The present mayor hall was built 1701. The first railway connection in the State of Baden is inaugurated 1840 and connects Heidelberg with Mannheim (20km).
Heidelberg is the home town of Friedrich Ebert, the first "Reichspraesident" of the democratic "Deutsches Reich" (born 1871, burried 1925 at the Bergfriedhof).
From 1925-1929 the Neckar River has been canalized, and 1935 the "Autobahn" Frankfurt-Mannheim-Heidelberg was opened.
Fortunately, the city of Heidelberg survived the second world war undamaged when 1945 the city has been turned over to American military leaders.
A complete rehabilitation of downtown Heidelberg begun in 1972. The car-free pedestrian zone in the Old Town has been completed 1979.
More recent celebrations have been the 600-year anniversary of the University of Heidelberg 1986 and the 800-year anniversary of the City of Heidelberg.

The Heidelberg Castle
The Castle of Heidelberg is one of most well-known cultural monuments in the world, attracting hundreds of thousands of visitors every year. It has been constructed as a residence of the Palatinate electors from the 13th to the 18th century. A long and eventful history brought periods of expansion and devastation. The castle buildings with the greatest artistic importance were built during the Renaissance period.
The existence of two castles was first mentioned in 1303. In 1537 the upper castle has been destroyed by a lightning bolt. The Renaissance palace built 1556-59 by the Elector Otto Heinrich is considered as one of the most beautiful from that period north of the Alps. The castle gardens (Hortus Palatinus), the "Englischer Bau" (English Building) and the "Elisabethentor" (Elisabethan Gate), were erected 1610 by Elector Friedrich V. In 1622 the imperial general Tilly conquers the town and palace in Heidelberg. In 1720 the residence of the Elector has been moved to Mannheim.

The great vat with a volume of 221 726 liters was built 1751. Another lightning affected the castle 1764, this time destroying other buildings during reconstruction work. As a consequence the rebuilding has been discontinued. The ruins were preserved from 1810 by von Graimberg and turned in to a historical monument. For the interior part this was continued since about 1900. Since 1987, the Administration of the State-Owned Palaces and Gardens of Baden-Wu"rttemberg is responsible for Heidelberg Palace.
(The summary of the above events has been mostly taken from the castle time line of the "Schloesser Magazin".)
Among the many touristic events connected to the castle as regular and special guided tours "Schloss Festspiele" by the Theater of Heidelberg.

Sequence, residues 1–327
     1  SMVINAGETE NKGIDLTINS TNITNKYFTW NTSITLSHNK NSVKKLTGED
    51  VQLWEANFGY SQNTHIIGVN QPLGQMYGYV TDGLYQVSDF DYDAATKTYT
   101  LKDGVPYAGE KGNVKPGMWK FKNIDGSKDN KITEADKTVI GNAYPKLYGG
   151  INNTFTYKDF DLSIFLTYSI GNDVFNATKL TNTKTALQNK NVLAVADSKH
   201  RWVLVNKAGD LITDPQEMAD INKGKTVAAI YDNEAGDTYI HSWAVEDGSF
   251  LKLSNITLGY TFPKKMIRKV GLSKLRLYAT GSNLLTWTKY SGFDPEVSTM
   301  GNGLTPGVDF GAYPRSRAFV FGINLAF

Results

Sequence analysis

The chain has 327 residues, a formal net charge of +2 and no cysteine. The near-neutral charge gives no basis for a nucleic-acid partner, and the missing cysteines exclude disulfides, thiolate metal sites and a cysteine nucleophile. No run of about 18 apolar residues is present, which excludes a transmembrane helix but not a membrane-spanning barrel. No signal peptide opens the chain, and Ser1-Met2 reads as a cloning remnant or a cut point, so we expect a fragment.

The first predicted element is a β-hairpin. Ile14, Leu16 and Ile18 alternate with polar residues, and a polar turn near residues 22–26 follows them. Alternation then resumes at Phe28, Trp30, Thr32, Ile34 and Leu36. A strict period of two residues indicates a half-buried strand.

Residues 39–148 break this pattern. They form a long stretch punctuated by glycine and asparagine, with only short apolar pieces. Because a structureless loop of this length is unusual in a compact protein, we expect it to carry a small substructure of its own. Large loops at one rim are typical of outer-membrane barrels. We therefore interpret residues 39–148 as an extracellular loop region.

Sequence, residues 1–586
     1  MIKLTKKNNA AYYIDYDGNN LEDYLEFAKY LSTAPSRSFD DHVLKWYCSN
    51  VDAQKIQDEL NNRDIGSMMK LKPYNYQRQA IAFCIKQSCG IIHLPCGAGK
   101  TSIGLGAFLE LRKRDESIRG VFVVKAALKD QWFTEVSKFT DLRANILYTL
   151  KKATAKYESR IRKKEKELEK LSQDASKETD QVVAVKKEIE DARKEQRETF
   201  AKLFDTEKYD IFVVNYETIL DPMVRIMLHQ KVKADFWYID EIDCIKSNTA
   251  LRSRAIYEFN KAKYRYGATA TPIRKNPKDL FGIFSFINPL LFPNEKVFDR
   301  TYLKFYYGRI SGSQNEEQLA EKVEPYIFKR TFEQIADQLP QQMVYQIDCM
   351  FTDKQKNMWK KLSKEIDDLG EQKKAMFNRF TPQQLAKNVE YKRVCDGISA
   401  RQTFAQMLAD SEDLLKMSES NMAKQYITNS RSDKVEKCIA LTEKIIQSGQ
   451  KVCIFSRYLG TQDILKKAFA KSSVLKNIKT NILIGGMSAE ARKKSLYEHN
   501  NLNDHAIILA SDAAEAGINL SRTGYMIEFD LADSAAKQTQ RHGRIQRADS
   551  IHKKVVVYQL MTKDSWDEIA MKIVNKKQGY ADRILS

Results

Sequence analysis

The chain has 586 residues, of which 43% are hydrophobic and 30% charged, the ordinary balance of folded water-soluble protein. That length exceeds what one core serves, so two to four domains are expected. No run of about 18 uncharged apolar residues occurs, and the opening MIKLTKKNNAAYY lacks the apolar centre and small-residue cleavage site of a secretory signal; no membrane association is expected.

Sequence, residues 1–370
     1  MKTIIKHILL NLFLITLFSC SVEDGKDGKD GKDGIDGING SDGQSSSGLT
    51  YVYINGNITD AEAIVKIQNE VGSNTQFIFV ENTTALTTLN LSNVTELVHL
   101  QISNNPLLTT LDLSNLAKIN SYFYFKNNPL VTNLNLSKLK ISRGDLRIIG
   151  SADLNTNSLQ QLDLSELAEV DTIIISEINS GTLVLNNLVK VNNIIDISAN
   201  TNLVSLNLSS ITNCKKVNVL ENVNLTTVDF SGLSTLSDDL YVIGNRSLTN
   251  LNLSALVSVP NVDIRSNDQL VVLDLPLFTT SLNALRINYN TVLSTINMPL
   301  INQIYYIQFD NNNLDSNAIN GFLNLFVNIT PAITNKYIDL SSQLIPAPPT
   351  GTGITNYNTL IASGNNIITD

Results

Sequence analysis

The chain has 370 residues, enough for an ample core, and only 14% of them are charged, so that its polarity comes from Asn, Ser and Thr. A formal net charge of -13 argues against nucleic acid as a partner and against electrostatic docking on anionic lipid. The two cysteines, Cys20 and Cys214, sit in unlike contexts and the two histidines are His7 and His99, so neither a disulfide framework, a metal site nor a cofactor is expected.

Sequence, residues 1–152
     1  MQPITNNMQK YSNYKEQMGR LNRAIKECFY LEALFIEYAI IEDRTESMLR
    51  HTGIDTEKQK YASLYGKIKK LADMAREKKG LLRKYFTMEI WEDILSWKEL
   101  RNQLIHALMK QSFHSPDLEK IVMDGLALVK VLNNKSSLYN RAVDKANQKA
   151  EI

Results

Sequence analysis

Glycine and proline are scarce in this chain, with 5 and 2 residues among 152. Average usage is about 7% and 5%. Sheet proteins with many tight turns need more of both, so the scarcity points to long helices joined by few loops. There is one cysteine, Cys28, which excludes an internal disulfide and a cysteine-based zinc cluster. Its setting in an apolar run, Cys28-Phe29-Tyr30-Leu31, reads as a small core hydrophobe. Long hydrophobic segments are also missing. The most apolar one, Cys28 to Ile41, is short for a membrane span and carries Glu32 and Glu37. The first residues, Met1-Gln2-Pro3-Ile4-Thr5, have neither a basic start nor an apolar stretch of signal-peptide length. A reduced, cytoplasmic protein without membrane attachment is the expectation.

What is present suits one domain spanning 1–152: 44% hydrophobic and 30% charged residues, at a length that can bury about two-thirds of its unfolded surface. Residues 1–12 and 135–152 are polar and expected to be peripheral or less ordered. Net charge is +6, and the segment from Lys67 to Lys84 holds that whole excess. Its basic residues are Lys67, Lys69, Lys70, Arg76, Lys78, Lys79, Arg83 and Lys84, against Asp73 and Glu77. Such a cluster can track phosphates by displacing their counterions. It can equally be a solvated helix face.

Around Heidelberg
In the unlikely case that you get bored by Heidelberg itself, or, in the more likely case that you find it too difficult to find your way through other tourists who are interested in the famous city, you will find a lot of interesting destinations in relatively short distance from Heidelberg.
If you follow the deep valley of the river of Neckar upstream (by boat, bicycle or car) you find a chain of little Romanesque castles (e.g. in Hirschhorn, Dillsberg, Neckarsteinach (4 castles)).
A 20 km trip brings you to village of Mauer where 1907 human jaw-bones were found which later proved to be the earliest reference of human being in Europe - the 600000 years old Homo heidelbergensis.
Concerning cultural-historical interests, one must further mention the Palace of Mannheim (about 20 km), the Palace and Gardens of Schwetzingen (about 20 km), or the famous 850-year-old Monastery of Maulbronn (60 km), which is often cited as the best-preserved medieval monastery complex north of the Alps.

Heidelberg is also not far from other fascinating places of German history. A visit to the City of Trier will bring you close to the very early German history, when Germany still has been "Germania" and the Romans ruled the area west of the Rhine river. Trier has been claimed to be the "Oldest City in Germany". In the City of Speyer you will find one of the greatest German treasures of Romanesque architecture - the imprial Speyer Cathedral ("Dom zu Speyer") which has been built in the years 1030-1061. The City of Mainz is most known for her son Johannes Gutenberg who is the inventor of movable type printing. Karlsruhe is known for its beautiful palace and gardens

Last not least, the location of Heidelberg provides the possibility that, if you like to escape from Germany or its inhabitants for a little while, you will reach the French border within a less-than one-hour car ride.
France or e.g. the famous City of Strasbourg might let you take part in the French way of life and offer you cuisine Francaise with vin rouge and, of course, many more serious treasures of the French culture.

Heidelberg Online
Here we supply an incomplete list of links to electronic information on Heidelberg.
City of Heidelberg official site University of Heidelberg site Electronic travel guide of Heidelberg
Interactive map of downtown Heidelberg. Heidelberg tourism web site. Map of downtown Heidelberg

Acknowledgement/Copyright:
IMPRS Heidelberg thanks the Heidelberg Convention and Visitors Bureau for providing us with most of the pictures shown above.